Monday, June 19, 2006

Rush Hour

A man wedged in traffic
has no patience for poetry.
Don’t tell him
that the clouds
look like angels today,
as he laments the long trail of snails

that delays access to his next
arena of frustration.

He fumes, like the massive metal beast
whose black, poison exhaust mingles with
his own exhauste
d soul.
His horn cries unnoticed by that
mountainous ma
beyond which he can see

On with the A/C, the CD,
or the DJ’s traffic update—oh,
an accident a mile ahead will
detain him anoth
er hour!
Coffee’s cold; out of smokes;
vacation’s still th
ree months away.

Was it an accident? Or was it designed
by some sadistic mi
this daily round of hurrying toward
dead-end streets,

always looking for his exit
yet never breaking free?

He’s entered the twilight zone.
It’s the spite of the gods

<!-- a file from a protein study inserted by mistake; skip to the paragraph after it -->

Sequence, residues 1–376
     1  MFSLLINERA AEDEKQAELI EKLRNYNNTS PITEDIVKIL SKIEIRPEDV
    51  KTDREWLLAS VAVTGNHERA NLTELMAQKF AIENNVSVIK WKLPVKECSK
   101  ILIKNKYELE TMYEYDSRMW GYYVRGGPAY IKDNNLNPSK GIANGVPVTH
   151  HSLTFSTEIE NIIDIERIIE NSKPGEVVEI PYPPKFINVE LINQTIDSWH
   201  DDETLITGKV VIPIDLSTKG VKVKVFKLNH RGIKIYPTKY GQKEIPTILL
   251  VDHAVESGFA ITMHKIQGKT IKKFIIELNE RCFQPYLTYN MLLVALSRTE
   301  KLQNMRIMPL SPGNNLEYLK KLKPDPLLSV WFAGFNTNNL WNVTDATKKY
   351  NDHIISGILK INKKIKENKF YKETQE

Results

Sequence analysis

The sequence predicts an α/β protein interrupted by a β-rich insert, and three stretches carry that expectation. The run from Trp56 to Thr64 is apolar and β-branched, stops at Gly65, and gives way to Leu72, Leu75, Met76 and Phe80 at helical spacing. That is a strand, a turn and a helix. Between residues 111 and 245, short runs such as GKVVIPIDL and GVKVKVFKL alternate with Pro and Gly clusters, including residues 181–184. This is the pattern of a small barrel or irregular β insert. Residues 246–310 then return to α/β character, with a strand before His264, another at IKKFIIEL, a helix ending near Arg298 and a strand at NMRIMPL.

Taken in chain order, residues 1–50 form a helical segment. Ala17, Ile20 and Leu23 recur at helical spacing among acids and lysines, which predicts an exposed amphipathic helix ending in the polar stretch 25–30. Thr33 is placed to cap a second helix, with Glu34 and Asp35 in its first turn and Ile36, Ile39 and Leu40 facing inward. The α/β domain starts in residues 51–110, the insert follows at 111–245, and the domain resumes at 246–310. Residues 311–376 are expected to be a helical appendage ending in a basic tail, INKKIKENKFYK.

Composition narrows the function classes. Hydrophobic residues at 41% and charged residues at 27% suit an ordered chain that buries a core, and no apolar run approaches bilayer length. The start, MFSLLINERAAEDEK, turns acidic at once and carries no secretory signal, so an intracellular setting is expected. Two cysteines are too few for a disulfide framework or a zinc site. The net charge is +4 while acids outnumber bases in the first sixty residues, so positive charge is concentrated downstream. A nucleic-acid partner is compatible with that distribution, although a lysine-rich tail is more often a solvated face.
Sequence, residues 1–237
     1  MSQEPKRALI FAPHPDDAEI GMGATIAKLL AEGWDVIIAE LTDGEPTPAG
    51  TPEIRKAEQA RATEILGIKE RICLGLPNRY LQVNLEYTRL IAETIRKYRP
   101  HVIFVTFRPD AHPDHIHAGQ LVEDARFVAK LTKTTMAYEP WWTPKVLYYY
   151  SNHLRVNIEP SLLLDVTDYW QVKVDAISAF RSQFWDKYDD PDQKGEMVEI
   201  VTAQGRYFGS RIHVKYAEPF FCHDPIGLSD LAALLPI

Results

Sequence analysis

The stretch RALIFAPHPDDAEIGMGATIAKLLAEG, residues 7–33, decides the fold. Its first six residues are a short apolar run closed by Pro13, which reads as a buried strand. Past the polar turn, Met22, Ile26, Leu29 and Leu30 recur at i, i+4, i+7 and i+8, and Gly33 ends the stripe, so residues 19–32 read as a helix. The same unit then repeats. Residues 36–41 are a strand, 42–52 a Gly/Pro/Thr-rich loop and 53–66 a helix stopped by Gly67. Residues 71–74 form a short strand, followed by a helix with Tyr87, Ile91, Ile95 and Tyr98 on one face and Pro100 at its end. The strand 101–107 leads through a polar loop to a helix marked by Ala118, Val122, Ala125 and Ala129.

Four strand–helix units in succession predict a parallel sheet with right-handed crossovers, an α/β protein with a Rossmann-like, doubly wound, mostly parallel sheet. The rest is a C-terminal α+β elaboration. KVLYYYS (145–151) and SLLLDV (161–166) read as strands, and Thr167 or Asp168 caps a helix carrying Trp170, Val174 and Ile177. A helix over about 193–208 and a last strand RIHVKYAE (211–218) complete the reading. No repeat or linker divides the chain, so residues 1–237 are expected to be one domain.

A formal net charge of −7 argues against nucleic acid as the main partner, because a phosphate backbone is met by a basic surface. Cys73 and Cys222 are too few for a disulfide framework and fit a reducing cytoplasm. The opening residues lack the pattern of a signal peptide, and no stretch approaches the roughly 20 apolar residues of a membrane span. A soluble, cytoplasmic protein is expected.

(he made for himself)
that sends him on
this endless trek
only to realize that it’s
Monday morning, once again…

Me, I crunch my way down leaf-strewn paths
as the choirs in the trees
herald with gentle melodies
the peaceful sun
of the morning,
enraptured, as if today’s a new creation.
And I’m given p
atience for poetry.

But I don’t dare “thank God
I’m not like other men,”

condemned to impotent rage.
True, I do prefer our rustic trails

to those highway snails, by far—

but harried, hurried hearts
can also lodge in sacred temples.

And I know that there are still souls
who drive those r
elentless roads,
who have received their Christ-key
to open the gate
to the Other World.
They see the cloud-angels
and they’ve learned the secret of blessing.

The God of mountain-top ecstasies
and inaccessible
will speak his own poetry
of wordless, pure
to anyone who's not
yet sold his soul,
who longs for eyes to see
His omnipresen
t artistry.